Where to start?
This was a vital item to pass this year. It is a crime that nothing got done. Because when your pension system is $26 billion in the hole, it is probably past time to stop digging and start filling up the hole. Last year then Governor Fletcher put together a "blue-ribbon commission" to come up with solutions to this problem. That commission did an excellent job putting together their suggested plan.
So this session the House passed their version of the plan, the Senate passed their version of the plan. Which of course means that the issues goes to a conference committee. The conference committee was put together before we left for break on April 1st. So there was about 2 weeks to get an agreement. Yet I am not sure that there were any meetings held during the break. Either way, there was no agreement when we returned to Frankfort Monday.
Fast forward to Tuesday, or our last day in Frankfort. At about 3:00pm I am hearing that the issue is dead. At 6:00 it has new life as the committee (as we are told) are meeting on it. About 8:00pm it sounds like there is an agreement. Shortly thereafter some information starts floating around about the details of the agreement. I find out later that the conference committee never met, it was leadership who apparently worked out a deal.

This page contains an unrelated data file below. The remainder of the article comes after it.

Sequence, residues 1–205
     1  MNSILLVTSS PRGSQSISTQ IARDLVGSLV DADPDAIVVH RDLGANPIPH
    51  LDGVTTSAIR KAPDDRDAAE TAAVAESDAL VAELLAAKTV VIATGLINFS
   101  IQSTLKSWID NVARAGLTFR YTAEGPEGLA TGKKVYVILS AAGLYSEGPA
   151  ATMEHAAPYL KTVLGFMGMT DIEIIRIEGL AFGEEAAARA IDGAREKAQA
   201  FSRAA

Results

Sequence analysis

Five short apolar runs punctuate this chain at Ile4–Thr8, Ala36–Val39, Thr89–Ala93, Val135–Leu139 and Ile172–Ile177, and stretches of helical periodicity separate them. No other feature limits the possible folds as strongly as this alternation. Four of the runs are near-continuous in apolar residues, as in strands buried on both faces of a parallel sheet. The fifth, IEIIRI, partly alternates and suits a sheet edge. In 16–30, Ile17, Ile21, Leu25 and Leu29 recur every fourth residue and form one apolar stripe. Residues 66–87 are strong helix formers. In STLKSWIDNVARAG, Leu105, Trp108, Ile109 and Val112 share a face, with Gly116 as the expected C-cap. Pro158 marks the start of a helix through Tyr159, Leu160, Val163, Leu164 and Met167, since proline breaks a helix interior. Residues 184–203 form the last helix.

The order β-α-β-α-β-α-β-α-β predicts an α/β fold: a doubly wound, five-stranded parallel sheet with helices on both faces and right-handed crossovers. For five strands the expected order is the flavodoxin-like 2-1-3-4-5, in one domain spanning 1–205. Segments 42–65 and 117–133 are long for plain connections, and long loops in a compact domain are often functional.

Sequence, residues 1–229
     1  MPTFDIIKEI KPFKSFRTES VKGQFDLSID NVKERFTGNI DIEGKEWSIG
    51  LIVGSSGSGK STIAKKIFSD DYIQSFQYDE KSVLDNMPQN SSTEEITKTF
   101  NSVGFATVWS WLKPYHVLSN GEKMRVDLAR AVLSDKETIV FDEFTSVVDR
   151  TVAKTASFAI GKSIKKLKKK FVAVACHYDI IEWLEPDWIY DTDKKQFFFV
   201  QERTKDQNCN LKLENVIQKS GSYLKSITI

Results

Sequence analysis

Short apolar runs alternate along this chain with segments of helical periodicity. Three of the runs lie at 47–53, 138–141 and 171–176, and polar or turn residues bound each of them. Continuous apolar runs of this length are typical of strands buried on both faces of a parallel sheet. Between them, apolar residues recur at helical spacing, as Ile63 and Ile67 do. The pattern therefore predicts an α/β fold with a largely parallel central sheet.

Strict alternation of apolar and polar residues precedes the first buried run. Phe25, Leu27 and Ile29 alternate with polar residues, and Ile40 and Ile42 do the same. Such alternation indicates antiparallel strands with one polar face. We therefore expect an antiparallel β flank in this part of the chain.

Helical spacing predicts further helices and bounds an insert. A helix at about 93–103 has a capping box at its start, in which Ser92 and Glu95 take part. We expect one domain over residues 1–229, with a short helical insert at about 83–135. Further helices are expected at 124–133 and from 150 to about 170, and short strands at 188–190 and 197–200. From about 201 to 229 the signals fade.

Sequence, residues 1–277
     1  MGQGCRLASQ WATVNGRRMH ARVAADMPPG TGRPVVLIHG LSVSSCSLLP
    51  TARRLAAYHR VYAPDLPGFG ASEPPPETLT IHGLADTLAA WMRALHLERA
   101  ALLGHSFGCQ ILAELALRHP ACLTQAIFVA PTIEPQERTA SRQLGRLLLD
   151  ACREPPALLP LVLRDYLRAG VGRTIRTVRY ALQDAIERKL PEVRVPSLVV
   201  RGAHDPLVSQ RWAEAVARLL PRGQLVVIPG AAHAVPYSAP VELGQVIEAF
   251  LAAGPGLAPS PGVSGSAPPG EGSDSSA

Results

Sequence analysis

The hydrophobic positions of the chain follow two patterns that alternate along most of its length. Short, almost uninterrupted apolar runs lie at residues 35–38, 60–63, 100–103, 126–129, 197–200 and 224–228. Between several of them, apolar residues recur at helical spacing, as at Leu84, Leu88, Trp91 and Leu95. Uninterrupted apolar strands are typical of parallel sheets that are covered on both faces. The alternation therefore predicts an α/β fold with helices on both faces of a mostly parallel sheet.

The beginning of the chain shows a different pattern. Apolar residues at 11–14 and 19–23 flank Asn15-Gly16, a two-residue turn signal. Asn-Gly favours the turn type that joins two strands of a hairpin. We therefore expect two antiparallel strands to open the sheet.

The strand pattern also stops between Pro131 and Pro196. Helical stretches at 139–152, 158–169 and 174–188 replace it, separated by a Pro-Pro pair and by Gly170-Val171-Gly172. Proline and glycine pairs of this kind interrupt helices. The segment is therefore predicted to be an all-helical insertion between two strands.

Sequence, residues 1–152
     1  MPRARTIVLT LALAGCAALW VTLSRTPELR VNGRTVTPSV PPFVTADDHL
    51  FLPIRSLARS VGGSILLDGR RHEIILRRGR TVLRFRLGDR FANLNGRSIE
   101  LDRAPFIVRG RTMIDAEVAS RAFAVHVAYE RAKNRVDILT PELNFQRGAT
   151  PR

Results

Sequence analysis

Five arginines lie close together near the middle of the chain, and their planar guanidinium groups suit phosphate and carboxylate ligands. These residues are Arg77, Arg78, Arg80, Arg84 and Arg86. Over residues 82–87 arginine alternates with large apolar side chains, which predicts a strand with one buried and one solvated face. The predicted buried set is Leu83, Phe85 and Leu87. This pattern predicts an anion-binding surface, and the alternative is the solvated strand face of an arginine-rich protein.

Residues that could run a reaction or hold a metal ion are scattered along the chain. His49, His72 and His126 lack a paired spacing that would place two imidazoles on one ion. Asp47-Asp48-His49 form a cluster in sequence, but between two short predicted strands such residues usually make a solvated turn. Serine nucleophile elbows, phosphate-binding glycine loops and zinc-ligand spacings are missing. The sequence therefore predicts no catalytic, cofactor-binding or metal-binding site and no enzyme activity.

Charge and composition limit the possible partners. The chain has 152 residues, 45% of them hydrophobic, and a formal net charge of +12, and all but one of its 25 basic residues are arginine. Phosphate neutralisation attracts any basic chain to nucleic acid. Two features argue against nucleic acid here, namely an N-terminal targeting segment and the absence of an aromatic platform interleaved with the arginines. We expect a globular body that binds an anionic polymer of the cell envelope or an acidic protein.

By 10:30, it was dead again. Why? You can see in this article from the Lexington Herald Leader, apparently the Jefferson County Teachers Association(JCTA) and the Kentucky Education Association (KEA) killed the bill with their opposition. Instead, the House gutted another bill at the final hour and put the House version of the pension bill in it to send to the Senate. Not surprisingly, the Senate did nothing with it as they thought they had a compromise agreement with the House.
Since when did the KEA and the JCTA start running the Democratic Caucus in the House? Why is it that they get to make such vital policy decisions that affect every person in this state?
I have seen the very difficult job leadership has on these issues. It is a demanding, often thankless job. So I am not questioning judgement or motives. That said, I just don't understand how an issue gets this out of control, the need for a solution so obvious, and yet it can't get done.
From what I finally saw on a 2 page outline of the compromise, it barely stopped the bleeding. There was to be more study of the issue. There is no more studied issue in Frankfort. Of course, now that will be done, there is no choice. This should be the most important issue in the 2009 session, assuming there is no special session to take it up.